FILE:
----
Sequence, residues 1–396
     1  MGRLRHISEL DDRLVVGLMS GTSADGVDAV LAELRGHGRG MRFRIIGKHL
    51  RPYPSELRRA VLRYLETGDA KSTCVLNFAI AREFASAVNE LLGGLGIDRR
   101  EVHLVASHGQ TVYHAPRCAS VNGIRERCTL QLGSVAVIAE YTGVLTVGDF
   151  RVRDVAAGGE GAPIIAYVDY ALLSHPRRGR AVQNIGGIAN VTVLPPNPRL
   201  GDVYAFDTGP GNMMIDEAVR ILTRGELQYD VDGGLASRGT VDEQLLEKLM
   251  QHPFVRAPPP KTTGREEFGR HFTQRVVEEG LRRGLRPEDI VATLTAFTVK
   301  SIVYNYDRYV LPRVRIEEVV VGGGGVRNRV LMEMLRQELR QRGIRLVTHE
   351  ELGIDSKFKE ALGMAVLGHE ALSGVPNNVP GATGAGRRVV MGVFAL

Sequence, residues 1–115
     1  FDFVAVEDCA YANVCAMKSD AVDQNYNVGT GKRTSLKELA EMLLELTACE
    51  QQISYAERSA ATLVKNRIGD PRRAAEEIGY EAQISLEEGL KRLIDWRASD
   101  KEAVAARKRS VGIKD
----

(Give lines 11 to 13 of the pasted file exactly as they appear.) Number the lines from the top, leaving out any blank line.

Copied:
     1  FDFVAVEDCA YANVCAMKSD AVDQNYNVGT GKRTSLKELA EMLLELTACE
    51  QQISYAERSA ATLVKNRIGD PRRAAEEIGY EAQISLEEGL KRLIDWRASD
   101  KEAVAARKRS VGIKD